Local Media

LABOR WILL AXE THE “TAMPON TAX”

April 30, 2018

A Shorten Labor Government will end Australia’s unfair and discriminatory “tampon tax”, partnering with the states and territories to remove the GST on women’s sanitary products.

This is a tax on women in Ipswich, the Somerset Region and the Karana Downs region.

Member for Blair, Shayne Neumann MP, said it was time the unfair tax was ended.

“Australian women are hit with the 10 per cent GST on sanitary products– around $30 million a year in tax – because they are not considered necessities. 

“The tax shouldn’t have been applied in the first place – there is no question that sanitary products aren’t a luxury item. They are necessary for reproductive health and hygiene.

“At the same time, products such as incontinence pads, sunscreen and nicotine patches – even Viagra – are exempt from the tax. 

“That’s why Labor is leading the way to abolish this tax on sanitary items.”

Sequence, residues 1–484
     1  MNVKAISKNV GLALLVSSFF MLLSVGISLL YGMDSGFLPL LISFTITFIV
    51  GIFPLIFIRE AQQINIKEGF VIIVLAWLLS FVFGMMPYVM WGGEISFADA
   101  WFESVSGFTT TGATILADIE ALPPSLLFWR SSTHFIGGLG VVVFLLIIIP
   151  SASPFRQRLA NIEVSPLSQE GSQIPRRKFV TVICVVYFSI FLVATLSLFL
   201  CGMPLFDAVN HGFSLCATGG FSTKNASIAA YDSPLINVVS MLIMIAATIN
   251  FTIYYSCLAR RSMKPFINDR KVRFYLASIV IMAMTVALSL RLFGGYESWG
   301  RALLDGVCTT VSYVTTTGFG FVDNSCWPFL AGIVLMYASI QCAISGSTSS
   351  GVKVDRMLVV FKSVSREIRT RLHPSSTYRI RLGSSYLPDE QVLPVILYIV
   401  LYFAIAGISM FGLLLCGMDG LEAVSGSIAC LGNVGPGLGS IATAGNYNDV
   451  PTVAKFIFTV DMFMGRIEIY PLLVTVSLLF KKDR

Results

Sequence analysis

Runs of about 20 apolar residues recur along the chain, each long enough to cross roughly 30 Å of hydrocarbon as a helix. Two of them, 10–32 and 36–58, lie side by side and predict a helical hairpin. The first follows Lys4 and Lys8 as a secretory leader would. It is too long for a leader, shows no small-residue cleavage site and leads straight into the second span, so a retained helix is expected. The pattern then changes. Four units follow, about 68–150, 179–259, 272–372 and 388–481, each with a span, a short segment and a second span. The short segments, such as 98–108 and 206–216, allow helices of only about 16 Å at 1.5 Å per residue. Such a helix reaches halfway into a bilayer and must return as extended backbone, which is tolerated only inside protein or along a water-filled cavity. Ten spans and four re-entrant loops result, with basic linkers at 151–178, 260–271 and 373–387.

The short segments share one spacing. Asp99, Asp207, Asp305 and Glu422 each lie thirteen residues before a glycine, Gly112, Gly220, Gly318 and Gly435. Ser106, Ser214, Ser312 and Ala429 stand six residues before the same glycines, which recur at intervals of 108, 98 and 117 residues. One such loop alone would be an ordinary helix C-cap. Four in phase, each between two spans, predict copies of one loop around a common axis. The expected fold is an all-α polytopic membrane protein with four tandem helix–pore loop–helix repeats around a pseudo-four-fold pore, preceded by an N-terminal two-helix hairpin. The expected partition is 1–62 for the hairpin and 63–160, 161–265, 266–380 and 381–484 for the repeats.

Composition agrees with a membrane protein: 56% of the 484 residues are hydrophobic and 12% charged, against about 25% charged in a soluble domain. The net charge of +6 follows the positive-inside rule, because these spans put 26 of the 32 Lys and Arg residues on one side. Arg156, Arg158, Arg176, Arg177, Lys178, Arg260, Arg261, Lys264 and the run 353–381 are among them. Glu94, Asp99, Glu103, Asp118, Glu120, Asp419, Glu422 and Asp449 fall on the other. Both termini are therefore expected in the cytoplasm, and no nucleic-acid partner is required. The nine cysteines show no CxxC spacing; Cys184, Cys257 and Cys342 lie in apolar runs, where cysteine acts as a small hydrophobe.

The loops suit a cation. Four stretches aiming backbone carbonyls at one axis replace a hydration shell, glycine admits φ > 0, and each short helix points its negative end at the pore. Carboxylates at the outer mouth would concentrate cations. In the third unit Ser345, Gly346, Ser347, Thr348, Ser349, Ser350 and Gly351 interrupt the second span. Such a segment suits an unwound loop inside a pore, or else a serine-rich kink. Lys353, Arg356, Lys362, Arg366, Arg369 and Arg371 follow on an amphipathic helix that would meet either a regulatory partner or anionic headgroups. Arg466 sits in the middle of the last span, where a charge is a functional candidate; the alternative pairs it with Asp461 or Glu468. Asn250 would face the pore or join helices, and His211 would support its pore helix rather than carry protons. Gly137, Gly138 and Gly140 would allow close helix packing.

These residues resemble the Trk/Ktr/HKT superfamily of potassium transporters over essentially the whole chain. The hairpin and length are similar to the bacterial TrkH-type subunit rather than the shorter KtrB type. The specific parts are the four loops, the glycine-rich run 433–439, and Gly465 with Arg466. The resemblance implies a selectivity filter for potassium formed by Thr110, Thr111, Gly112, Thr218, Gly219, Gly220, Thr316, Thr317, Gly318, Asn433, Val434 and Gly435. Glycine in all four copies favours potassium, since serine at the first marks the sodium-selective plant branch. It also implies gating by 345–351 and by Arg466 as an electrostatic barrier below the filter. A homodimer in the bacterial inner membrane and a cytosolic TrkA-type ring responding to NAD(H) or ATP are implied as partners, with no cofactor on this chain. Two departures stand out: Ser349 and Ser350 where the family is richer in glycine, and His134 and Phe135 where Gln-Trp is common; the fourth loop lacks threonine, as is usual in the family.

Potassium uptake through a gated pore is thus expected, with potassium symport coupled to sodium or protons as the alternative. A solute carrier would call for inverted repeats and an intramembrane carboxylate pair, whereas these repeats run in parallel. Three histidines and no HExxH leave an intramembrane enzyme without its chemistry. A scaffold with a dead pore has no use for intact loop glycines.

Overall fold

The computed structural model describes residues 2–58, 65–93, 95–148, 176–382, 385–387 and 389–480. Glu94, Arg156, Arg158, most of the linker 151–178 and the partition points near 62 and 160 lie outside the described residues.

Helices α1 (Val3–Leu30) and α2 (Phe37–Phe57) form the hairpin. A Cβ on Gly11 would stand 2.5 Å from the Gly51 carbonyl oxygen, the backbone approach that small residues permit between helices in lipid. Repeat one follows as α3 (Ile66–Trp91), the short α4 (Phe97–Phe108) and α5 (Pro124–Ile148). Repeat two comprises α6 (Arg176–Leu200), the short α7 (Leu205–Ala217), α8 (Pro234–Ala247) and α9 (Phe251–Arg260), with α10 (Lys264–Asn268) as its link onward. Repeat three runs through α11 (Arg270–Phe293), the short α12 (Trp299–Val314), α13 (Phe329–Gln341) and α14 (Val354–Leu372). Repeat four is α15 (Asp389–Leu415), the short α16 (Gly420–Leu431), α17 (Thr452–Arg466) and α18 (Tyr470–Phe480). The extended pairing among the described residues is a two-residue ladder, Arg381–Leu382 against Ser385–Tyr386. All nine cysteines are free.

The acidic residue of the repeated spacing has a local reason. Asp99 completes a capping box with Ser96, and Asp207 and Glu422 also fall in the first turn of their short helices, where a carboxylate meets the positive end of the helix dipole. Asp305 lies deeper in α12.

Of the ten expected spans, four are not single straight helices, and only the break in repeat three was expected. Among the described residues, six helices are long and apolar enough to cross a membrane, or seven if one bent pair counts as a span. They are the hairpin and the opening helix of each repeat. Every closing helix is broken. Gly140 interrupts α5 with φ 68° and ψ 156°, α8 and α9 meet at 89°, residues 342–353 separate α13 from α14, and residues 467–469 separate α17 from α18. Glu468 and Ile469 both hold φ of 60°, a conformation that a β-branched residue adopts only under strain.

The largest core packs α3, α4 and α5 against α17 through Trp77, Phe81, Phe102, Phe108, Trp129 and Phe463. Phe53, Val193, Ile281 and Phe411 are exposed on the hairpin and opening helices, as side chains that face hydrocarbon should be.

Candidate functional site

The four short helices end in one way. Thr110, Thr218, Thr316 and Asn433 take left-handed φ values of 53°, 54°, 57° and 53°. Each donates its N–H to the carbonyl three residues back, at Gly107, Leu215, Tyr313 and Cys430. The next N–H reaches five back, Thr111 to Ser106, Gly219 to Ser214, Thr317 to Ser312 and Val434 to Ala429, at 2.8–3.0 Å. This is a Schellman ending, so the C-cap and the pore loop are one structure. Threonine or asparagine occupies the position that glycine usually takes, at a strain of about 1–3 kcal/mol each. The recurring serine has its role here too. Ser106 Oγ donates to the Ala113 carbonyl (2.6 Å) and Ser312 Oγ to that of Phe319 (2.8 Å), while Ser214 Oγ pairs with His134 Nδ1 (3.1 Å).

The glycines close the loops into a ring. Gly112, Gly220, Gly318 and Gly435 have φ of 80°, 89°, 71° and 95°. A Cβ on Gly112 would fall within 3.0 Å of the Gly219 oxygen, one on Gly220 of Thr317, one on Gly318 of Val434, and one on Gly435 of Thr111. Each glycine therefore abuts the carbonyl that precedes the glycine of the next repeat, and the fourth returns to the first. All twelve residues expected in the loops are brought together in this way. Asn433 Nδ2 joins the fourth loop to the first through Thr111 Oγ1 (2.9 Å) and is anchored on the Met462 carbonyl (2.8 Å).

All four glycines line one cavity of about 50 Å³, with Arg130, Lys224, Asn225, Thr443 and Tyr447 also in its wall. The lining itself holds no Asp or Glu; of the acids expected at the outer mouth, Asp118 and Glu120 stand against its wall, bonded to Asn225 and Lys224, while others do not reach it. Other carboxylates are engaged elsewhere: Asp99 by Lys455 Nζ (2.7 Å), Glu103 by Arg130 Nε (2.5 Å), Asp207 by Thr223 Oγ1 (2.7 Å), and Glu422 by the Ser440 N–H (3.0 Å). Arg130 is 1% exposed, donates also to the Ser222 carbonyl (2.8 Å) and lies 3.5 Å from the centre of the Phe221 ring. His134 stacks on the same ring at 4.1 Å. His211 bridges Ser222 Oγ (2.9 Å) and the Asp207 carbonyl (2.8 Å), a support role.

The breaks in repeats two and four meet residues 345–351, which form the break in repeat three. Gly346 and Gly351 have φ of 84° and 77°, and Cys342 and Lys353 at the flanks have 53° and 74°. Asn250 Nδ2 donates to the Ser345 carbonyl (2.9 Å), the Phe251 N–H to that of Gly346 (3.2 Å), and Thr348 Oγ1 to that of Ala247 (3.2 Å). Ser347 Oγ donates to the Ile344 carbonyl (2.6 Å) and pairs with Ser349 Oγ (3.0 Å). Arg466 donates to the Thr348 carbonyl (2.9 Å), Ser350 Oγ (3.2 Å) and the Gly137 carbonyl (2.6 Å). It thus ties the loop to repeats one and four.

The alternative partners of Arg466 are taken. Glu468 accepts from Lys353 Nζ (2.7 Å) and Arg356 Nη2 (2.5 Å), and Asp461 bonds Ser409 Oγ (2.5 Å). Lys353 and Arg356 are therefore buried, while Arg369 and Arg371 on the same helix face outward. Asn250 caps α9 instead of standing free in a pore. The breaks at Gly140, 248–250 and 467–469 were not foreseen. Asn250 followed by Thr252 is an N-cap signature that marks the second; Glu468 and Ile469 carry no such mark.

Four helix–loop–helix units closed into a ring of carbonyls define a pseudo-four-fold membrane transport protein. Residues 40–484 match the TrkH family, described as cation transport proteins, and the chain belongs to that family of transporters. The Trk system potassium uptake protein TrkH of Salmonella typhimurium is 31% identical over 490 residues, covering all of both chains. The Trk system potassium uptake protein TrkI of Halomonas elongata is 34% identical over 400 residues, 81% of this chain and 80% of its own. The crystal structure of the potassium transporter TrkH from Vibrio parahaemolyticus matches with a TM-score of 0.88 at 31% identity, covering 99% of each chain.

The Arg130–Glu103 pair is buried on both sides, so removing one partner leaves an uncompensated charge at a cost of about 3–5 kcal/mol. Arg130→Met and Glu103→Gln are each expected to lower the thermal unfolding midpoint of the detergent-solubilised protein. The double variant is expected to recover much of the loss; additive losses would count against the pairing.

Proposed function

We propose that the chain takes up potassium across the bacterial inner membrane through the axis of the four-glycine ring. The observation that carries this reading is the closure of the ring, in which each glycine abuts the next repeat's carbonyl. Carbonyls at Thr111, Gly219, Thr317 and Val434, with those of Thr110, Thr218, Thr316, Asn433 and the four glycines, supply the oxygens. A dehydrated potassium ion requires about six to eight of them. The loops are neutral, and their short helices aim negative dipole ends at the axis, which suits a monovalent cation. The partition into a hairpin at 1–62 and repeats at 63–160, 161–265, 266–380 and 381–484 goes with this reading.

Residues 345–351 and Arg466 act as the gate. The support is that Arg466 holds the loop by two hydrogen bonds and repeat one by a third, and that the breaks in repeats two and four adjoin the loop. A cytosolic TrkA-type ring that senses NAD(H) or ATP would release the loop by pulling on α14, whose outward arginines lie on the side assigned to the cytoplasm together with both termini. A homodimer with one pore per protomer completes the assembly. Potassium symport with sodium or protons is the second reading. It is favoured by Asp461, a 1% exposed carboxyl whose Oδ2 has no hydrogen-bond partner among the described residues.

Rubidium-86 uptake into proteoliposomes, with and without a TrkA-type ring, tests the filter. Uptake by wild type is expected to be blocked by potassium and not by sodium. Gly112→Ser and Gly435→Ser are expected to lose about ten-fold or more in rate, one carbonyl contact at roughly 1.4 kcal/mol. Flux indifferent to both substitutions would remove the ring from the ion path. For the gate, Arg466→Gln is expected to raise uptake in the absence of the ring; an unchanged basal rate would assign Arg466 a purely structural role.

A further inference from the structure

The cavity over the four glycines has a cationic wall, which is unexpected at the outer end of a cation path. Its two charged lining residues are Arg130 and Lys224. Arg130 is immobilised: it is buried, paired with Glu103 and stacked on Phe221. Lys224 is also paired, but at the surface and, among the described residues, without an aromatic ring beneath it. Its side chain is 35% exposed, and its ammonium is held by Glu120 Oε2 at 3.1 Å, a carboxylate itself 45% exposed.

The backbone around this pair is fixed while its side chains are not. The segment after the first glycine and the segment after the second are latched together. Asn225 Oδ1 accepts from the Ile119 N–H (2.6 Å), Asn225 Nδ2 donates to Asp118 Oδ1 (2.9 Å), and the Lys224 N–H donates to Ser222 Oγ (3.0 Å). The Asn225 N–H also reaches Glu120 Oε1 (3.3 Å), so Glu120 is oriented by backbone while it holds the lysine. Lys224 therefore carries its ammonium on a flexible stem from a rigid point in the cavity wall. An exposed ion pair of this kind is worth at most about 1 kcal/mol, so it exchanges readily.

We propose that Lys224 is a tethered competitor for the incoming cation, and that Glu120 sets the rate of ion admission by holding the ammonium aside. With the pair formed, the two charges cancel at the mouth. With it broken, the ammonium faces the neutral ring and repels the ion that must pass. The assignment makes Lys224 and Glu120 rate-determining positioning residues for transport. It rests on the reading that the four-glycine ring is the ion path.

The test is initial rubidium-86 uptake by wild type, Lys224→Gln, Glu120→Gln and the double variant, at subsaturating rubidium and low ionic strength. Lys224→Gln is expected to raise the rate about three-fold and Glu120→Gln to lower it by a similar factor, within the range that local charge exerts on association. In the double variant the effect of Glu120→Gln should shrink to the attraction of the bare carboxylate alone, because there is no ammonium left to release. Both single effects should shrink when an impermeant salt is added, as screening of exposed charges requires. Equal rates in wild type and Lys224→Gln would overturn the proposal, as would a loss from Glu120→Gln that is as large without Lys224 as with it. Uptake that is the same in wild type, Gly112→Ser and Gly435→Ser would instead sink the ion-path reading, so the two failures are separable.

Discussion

Mr Neumann said that Malcolm Turnbull should announce plans in next month’s Budget to scrap the tampon tax.

“Labor is offering a solution to end this tax - there is no reason for Malcolm Turnbull to refuse it.

“If Mr Turnbull fails to adopt Labor’s policy, a Shorten Labor Government will work with state and territory governments to scrap the tax urgently upon coming to office.” 

To offset the loss of revenue to the states from GST on sanitary items, GST will be applied consistently to 12 natural therapies that are sometimes GST free, such as herbalism and naturopathy.

Ensuring the GST is applied to these therapies will bring their GST treatment into line with bipartisan policy to remove the private health insurance rebate from them.

These natural therapies are not supported by clinical evidence, as the Commonwealth’s Chief Medical Officer and the National Health and Medical Research Council found in a review in 2015.

At a time when government budgets are tight, the GST health exemption should only cover items with proven clinical effectiveness.

 “Scrapping the tampon tax will make sanitary products more affordable – but just as importantly, it will be an important step forward in gender equity,” said Mr Neumann.

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